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Cadence Details Suit Against Avant! Corp.

December 7, 1995

SAN JOSE, Calif. (AP) _ Officials at Cadence Design Systems had suspected for months that several former employees had stolen trade secrets in the hours before they quit their jobs.

But it wasn’t until a computer engineer saw his own bugs written into another company’s software that Cadence knew for sure, its president and chief executive officer Joseph Costello said Thursday.

The San Jose-based electronic design automation company sued Avant! Corp. and four individuals Wednesday, a day after Santa Clara County District Attorney officials, the FBI and local police did a 12-hour search of Avant!‘s corporate offices, removed computers and questioned employees. Avant!’s stock has lost nearly half its value since then.

The suit in U.S. District Court in San Jose alleges misappropriation of trade secrets, copyright infringement, conspiracy and other illegalities. It names Avant! chairman and chief executive Gerald Hsu along with former Cadence employees Mitsuru Igusa, Chih-Liang Cheng and Opher Segev.

Also on Wednesday, U.S. District Judge William Ingram issued a temporary restraining order to prevent Avant! from modifying or destroying any computer code for its ArcCell products. It also ordered the defendants to notify Cadence within 24 hours of all off-site storage.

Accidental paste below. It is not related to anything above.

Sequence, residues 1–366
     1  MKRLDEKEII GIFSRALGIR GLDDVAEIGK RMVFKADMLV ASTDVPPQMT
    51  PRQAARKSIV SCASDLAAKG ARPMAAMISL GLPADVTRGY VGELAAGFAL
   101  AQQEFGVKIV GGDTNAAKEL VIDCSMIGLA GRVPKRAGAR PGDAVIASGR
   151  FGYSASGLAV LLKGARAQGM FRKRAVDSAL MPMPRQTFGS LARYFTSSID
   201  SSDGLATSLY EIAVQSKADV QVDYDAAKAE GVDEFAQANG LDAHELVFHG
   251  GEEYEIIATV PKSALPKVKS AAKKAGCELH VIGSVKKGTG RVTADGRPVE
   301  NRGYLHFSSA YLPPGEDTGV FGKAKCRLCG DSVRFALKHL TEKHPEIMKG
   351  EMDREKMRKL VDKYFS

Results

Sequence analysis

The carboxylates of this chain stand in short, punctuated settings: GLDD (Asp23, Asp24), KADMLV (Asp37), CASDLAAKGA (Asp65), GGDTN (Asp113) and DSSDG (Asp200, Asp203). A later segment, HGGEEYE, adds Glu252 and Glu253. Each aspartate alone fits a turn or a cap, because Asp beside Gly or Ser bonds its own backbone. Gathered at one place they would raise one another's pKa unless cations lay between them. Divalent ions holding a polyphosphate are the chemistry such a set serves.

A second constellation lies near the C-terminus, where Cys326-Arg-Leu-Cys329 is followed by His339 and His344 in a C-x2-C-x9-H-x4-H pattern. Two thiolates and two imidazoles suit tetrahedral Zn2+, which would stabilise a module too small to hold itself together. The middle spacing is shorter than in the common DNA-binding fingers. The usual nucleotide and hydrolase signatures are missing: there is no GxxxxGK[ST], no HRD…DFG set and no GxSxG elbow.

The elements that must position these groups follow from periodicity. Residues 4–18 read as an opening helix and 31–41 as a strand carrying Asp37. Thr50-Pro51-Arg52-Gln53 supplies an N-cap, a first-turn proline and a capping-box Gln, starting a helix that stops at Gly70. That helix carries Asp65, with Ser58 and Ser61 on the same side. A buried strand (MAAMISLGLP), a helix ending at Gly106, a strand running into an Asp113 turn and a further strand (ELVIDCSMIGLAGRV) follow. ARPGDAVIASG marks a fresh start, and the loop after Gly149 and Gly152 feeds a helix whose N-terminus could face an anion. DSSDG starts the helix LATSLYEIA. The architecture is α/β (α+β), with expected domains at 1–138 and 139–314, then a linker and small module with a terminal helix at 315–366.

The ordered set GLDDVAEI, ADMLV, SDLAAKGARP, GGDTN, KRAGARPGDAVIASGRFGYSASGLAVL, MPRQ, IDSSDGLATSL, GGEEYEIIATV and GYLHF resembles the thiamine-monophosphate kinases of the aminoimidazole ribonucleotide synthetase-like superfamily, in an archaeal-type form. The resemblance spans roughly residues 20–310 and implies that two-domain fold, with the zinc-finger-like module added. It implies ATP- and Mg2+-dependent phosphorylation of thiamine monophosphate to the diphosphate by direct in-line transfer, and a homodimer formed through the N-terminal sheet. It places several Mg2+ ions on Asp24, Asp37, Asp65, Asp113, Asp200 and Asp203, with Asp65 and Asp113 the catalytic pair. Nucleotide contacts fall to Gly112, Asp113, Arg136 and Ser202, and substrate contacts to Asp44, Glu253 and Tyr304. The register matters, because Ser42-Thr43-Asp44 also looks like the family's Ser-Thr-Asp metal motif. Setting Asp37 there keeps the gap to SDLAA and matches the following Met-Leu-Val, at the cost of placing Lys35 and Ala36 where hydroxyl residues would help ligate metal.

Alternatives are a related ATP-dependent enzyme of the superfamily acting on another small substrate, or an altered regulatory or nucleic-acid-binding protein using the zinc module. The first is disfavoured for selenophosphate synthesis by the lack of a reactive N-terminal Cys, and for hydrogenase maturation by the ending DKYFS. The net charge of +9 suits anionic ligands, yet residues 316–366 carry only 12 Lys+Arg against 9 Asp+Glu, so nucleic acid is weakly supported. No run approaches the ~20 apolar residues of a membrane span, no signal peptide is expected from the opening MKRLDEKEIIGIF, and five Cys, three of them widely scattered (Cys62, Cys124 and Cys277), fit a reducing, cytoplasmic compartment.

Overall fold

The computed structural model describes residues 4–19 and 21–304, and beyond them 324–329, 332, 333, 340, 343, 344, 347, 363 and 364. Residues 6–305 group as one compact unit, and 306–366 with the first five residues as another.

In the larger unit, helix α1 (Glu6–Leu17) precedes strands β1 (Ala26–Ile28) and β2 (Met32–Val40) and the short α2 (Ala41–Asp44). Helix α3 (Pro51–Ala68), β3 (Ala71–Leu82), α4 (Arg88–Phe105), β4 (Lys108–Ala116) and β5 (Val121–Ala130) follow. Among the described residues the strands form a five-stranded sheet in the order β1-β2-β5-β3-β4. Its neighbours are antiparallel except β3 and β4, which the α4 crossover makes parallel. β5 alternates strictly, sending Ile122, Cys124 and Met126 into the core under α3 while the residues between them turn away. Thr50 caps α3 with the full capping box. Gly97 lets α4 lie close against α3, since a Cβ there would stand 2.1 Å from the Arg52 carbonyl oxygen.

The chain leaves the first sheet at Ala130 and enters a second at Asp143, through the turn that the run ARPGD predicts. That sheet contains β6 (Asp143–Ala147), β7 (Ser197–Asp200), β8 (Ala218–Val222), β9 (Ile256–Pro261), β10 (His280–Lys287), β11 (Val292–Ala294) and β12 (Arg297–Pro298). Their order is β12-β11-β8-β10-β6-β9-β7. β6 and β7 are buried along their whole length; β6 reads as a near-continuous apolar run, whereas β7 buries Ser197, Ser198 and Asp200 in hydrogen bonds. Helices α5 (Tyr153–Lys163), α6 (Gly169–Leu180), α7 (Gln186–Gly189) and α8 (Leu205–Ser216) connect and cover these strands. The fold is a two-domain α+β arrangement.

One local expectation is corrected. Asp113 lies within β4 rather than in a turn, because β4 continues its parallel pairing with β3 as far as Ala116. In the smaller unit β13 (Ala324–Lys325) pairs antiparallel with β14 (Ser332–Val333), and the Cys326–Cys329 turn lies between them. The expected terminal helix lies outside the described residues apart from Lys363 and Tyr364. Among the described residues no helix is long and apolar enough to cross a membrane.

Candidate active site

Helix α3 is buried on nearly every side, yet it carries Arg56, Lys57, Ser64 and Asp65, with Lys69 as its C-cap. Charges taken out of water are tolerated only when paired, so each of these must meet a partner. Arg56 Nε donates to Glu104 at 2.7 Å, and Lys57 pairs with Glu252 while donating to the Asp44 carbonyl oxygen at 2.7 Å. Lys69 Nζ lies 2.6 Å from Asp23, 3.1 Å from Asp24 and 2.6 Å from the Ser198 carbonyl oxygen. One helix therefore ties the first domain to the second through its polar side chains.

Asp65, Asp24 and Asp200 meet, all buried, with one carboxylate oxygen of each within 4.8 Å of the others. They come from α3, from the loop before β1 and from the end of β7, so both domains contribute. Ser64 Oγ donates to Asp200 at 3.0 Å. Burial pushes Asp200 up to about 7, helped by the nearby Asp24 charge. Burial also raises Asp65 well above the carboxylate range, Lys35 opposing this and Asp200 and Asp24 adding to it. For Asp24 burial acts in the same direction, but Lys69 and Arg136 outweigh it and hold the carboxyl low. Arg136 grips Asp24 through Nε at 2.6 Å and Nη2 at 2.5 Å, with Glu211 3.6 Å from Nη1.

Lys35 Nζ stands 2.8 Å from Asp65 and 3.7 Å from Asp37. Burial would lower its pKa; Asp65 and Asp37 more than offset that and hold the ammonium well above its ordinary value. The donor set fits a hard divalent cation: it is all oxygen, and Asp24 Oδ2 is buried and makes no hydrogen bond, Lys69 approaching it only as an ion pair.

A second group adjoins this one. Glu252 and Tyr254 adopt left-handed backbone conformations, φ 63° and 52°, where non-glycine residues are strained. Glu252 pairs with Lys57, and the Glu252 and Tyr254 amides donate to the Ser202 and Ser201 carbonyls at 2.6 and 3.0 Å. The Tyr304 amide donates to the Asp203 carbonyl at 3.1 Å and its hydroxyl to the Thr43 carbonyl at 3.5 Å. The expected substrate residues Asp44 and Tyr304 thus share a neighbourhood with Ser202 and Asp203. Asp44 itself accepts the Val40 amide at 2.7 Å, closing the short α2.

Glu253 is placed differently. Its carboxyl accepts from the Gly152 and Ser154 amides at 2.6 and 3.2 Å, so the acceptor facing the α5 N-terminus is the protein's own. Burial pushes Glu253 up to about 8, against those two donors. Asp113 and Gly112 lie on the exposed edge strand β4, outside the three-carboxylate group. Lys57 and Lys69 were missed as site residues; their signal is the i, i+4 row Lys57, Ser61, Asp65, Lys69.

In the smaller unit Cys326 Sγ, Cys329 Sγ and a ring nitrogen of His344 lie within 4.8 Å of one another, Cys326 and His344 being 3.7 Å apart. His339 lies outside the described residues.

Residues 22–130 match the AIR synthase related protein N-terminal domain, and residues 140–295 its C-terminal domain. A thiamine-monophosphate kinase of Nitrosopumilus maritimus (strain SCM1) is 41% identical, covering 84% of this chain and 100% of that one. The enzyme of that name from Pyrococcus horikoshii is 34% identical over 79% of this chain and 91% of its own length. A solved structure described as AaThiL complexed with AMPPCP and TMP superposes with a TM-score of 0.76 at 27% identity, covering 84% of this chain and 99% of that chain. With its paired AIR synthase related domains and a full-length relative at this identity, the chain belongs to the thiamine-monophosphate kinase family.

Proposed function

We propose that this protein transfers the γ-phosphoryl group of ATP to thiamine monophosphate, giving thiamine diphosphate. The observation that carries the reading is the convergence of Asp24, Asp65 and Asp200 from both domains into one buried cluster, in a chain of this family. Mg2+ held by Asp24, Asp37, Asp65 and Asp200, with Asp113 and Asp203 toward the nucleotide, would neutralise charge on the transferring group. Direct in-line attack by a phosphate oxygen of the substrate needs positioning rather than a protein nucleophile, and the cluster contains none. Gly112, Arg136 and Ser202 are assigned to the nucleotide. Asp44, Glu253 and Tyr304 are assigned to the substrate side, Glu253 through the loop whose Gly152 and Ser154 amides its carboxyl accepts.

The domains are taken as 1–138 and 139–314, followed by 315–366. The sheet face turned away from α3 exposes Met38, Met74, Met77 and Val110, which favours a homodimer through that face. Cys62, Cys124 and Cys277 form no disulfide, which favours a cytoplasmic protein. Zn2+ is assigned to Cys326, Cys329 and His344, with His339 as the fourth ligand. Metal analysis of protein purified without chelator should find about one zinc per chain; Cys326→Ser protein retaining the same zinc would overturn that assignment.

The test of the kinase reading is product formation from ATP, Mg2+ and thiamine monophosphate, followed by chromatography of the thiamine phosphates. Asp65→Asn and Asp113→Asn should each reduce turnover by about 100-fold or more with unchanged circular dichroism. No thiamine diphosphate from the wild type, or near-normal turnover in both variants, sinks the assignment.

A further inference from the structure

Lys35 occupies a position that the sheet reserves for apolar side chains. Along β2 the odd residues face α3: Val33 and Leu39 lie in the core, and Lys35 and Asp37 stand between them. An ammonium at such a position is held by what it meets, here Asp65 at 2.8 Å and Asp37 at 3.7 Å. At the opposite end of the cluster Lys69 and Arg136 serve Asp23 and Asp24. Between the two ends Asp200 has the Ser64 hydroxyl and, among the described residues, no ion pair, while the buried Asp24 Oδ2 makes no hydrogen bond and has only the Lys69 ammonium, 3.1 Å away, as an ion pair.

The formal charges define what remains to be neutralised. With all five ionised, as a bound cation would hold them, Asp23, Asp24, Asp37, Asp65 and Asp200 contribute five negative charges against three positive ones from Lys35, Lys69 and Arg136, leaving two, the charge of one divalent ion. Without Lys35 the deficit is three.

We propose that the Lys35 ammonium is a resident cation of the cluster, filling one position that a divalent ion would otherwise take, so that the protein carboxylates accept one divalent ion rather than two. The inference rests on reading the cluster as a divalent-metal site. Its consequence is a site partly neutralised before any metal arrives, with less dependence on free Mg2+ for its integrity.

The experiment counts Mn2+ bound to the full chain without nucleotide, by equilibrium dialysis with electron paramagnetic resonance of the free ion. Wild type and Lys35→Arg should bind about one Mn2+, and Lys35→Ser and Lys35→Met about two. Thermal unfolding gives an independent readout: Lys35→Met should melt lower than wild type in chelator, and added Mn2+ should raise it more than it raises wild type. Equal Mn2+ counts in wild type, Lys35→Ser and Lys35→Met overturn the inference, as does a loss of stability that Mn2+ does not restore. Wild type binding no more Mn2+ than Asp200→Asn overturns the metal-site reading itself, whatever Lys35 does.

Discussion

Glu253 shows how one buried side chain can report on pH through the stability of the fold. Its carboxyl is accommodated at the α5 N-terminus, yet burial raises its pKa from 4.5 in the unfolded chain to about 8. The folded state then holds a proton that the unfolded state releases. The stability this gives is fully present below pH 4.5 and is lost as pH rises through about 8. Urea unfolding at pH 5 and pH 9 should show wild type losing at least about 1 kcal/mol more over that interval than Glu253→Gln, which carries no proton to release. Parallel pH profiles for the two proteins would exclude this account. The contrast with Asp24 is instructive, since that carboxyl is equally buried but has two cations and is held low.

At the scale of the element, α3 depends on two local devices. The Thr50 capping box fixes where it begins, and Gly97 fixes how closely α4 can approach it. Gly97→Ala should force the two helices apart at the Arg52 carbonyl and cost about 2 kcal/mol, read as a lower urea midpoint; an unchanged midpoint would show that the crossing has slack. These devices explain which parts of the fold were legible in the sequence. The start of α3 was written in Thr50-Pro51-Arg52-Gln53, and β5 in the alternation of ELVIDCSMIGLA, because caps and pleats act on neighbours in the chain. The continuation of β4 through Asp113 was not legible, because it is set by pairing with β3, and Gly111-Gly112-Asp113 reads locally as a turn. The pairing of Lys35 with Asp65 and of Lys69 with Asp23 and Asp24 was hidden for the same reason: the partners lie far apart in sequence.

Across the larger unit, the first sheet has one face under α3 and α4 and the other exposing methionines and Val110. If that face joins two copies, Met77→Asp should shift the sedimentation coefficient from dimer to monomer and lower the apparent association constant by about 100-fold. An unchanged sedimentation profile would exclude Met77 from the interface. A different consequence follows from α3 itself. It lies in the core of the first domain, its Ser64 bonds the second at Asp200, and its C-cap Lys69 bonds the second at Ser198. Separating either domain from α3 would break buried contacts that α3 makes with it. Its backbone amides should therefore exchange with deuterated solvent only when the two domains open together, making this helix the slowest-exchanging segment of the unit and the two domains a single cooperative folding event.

Avant! denies all charges and said it ``will defend the complaint vigorously.″ No criminal charges have been filed.

In a teleconference Thursday, the company detailed the events that led up to the search and seizure. It claims the former Cadence employees left in 1994 and early 1995 to form another company that later became part of Avant! It also claims that before they left, they downloaded Cadence computer code and took it with them.

In September of 1994, Costello said, Igusa abruptly quit his job and refused to sign papers saying he would not disclose company secrets.

At the same time, company officials noticed a large transfer of information to his electronic mail system.

Police later searched Igusa’s home and found source code, the computer coding that makes all product manufacturing possible, he said.

Igusa was later charged and pleaded innocent to six counts of felony misappropriation of trade secrets.

About the same time, Hsu set up a rival company called ArcSys that eventually spun into Avant!. He hired Igusa as a consultant along with the two other former Cadence employees.

Cheng and Segev also left Cadence abruptly and appeared to copy source code, Costello said.

In August of 1995, an engineer was visiting a customer and noticed some source code that he had written himself. Even the bugs in the system were the same as those he wrote into his own work, Costello said.

The company launched an investigation that lead up to Tuesday’s raid on Avant! and Wednesday’s suit.

Avant! stock fell sharply Thursday for the second day in a row. On the Nasdaq Stock Market, it dropped more than 32 percent, or $11.375 a share, to $23.875.

It lost 14 percent Wednesday.

Cadence supplies software and services used to design semiconductors and other electronic products.

The employees who left Cadence founded ArcSys Inc., which later merged with Integrated Silicon Systems Inc. to form Avant!

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